Canadians soon won’t find Kleenex tissues on store shelves.
The Kleenex consumer facial tissue business is leaving Canada this month, U.S. manufacturer Kimberly-Clark said in a statement Friday.
Todd Fisher, the company’s Canadian vice-president and general manager, characterized the decision as “incredibly difficult” but necessary because of several headwinds Kimberly-Clark is facing.
To better understand the issues preventing business growth and economic stability, the most critical piece of the puzzle is often people.
“We have been operating in a highly constrained supply environment, and despite our best efforts we have been faced with some unique complexities on the Kleenex business,” he said.
“This decision is one that will allow us to shift our resources to better focus on other brands in Canada and meet the needs of our consumers with continued innovation and value.”
The Kleenex brand is so strong that its name has become synonymous with tissue products.
“We don’t call it facial tissue, we call it Kleenex,” said Joanne McNeish, an associate professor of marketing at Toronto Metropolitan University.
Yet she doesn’t find the discontinuation a complete surprise.
“They’ve been in trouble for quite a while and COVID was sort of a bit of a redemption in terms of revenue,” she said, referencing the onset of the crisis, when people were stockpiling toilet paper.
“But truly, they’ve been on their way to do this for a while.”
McNeish pointed to cuts the company made in 2018 that resulted in more than 5,000 workers, or roughly 12 per cent of staff, leaving the company and 10 factories closing.
At the time, facial tissue margins were reported to be low and only accounted for one per cent of the company’s net sales, she said.
More recently, stubbornly high inflation has only exacerbated matters.
“The lowest price seems to be winning right now,” said Lisa Hutcheson, managing partner at consulting firm J.C. Williams Group.
That’s particularly troublesome for companies in the paper products market, where consumers tend to have little brand loyalty because items seem so similar and promotions are frequent, McNeish and Hutcheson said.
Competition within the market is fierce. Kimberly-Clark rival and Scotties owner Kruger has invested $1 billion on manufacturing facilities that service Canada since 2018 and has eight factories supplying facial tissue, spokesman Francois Paroyan said in an email to The Canadian Press.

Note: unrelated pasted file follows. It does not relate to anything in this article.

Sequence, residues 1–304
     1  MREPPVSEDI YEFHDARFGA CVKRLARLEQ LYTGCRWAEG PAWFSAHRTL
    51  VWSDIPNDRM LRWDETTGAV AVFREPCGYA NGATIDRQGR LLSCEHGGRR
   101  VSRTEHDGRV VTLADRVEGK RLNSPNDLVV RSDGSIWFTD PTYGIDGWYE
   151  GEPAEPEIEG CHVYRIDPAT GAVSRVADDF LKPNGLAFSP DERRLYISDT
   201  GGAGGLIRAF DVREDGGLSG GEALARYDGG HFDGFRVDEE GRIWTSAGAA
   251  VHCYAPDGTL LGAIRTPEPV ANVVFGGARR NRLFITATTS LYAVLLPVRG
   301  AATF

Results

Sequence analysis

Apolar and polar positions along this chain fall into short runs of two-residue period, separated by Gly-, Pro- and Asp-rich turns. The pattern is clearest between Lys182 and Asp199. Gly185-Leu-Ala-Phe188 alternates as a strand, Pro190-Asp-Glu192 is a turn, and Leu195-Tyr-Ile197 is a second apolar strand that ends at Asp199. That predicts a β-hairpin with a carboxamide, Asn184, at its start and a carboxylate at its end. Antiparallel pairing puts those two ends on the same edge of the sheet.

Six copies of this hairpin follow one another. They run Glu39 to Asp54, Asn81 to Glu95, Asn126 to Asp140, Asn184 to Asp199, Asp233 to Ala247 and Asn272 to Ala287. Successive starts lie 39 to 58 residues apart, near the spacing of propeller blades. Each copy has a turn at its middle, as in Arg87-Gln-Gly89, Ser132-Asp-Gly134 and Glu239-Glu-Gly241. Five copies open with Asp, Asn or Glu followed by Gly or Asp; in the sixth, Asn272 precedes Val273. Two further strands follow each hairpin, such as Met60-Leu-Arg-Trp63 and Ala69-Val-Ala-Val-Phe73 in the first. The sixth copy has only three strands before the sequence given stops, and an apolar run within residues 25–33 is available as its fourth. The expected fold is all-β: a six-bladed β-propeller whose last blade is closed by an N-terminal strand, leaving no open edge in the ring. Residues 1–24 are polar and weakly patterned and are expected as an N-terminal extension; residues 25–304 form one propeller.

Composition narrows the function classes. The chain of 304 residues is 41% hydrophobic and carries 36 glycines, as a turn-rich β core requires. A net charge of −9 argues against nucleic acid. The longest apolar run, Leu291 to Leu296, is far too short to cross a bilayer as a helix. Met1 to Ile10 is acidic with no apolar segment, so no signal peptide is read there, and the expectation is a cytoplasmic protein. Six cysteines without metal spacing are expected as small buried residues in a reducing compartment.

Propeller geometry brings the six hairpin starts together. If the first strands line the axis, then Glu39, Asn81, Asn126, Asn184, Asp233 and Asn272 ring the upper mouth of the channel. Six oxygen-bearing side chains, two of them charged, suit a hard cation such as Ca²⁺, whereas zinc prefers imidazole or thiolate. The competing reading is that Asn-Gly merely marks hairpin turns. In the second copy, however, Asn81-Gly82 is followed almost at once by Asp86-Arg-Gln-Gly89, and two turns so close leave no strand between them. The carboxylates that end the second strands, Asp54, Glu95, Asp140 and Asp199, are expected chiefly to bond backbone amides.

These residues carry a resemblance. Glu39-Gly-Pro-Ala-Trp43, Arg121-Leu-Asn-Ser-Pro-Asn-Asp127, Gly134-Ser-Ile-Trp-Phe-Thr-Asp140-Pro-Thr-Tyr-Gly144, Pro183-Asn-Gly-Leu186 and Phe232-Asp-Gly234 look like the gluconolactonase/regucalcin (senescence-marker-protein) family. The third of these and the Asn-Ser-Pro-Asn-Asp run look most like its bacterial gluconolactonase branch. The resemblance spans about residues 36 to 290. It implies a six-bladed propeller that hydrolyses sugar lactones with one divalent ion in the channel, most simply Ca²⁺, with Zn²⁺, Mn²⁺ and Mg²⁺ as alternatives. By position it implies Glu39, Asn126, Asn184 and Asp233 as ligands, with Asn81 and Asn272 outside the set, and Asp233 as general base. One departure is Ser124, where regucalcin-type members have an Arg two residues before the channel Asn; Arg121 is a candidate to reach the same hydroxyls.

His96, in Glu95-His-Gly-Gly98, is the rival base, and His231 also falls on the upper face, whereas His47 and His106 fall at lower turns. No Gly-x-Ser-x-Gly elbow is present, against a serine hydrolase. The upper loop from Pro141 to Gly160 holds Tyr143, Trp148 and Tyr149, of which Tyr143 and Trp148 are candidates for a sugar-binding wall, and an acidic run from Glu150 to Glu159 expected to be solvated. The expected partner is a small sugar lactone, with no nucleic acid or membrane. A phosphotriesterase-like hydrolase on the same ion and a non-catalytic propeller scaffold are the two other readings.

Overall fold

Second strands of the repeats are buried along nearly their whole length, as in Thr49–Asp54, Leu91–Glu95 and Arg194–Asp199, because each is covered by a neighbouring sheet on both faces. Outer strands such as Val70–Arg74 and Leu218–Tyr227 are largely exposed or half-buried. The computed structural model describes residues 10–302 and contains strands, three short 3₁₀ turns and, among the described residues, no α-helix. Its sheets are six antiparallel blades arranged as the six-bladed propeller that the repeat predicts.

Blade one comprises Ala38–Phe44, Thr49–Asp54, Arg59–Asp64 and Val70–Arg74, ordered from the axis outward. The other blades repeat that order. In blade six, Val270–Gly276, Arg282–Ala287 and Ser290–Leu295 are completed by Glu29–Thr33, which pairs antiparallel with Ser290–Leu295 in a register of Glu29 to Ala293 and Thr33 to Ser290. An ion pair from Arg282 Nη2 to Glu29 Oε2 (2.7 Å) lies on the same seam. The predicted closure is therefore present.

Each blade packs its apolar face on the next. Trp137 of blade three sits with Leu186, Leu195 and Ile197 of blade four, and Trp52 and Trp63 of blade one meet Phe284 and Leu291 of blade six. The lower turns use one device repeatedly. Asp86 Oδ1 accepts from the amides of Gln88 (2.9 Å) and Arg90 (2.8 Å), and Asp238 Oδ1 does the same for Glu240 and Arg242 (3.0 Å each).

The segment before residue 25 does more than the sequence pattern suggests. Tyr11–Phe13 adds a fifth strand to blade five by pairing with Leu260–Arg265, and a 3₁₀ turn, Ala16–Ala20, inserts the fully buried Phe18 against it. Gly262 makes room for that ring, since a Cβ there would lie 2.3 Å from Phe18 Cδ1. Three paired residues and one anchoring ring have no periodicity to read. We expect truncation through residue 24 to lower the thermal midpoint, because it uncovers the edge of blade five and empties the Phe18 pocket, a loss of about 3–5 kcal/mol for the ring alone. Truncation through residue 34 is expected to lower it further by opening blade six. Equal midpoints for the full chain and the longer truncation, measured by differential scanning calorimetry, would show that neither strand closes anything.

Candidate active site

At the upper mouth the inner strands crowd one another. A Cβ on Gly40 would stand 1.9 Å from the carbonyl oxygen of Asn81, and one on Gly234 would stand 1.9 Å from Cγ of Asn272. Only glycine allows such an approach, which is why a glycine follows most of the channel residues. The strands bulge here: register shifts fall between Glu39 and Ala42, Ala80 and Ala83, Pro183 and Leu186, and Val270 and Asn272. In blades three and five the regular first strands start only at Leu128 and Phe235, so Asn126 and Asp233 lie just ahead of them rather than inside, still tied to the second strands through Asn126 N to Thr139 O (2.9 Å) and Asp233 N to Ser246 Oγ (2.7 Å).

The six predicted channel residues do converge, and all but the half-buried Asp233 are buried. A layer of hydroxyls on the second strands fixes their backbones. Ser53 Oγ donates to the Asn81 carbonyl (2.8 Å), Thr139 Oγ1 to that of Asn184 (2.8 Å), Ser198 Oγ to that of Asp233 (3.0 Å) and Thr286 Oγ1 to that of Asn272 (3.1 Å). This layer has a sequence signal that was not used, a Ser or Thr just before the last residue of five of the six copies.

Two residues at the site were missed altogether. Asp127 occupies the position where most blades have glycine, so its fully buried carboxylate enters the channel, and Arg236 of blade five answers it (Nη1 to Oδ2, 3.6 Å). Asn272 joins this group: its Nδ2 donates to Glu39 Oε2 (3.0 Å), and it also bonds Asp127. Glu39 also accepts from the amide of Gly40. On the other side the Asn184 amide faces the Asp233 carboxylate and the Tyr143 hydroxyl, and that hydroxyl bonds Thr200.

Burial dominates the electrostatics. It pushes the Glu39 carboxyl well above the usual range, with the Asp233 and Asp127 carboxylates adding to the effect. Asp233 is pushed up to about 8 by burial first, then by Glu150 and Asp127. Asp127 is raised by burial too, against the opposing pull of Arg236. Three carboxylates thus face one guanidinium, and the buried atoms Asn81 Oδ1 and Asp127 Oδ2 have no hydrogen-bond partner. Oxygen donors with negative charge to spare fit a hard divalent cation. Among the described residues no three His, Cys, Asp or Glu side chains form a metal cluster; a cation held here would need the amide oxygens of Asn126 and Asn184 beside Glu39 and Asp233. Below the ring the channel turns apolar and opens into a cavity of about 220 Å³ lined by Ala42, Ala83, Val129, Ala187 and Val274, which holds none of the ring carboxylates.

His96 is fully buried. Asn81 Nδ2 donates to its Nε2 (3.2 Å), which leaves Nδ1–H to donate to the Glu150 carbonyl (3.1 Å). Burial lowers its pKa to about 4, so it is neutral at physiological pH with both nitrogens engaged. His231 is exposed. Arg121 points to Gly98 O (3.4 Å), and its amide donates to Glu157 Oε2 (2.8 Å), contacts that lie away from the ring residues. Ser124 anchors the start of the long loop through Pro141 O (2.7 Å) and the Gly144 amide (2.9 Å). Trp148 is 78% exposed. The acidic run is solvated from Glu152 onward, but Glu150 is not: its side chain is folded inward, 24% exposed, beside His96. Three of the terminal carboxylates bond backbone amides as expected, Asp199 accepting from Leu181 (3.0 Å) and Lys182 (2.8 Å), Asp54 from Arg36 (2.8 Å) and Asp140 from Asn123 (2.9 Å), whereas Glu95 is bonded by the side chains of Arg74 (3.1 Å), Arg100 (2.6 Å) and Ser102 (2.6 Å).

In Sherbrooke, Que., a light dry crepe tissue machine will enter operation next December and a new facial tissue converting line will start up in February 2024, he added.
Kimberly-Clark’s move away from selling Kleenex tissues to Canadian consumers will let the company focus on its slew of other brands, including several that remain unscathed for now.
Kimberly-Clark will continue to sell Kleenex professional facial and consumer hand towel products in Canada.
The Cottonelle, Viva, U by Kotex, Poise, Depend, Huggies, Pull-Ups and Goodnites brands also remain unaffected.
The discontinuation of Kleenex consumer tissues in Canada comes on the heels of several other high-profile product departures.
Nestle Canada announced in February that frozen pizzas and meals from its Delissio, Stouffer’s, Lean Cuisine and Life Cuisine brands would disappear from stores this year.
Skippy peanut butter left the country in 2017, while Bugles’ cone-shaped corn snacks and Little Debbie dessert cakes were gone last year.
Hutcheson didn’t see the confluence of departures as a sign of Canada being a less-desirable market.
“Brands are always looking about at consumer preferences,” she said.
But one thing she noticed all of the departed brands have in common is that they have faced pricing pressure from house brands operated by grocers and other big retailers, which often charge less for essentials than their name brand rivals.
She said, “I think in times of inflation and when sales are struggling, everything gets scrutinized and that may include pulling out of certain markets.”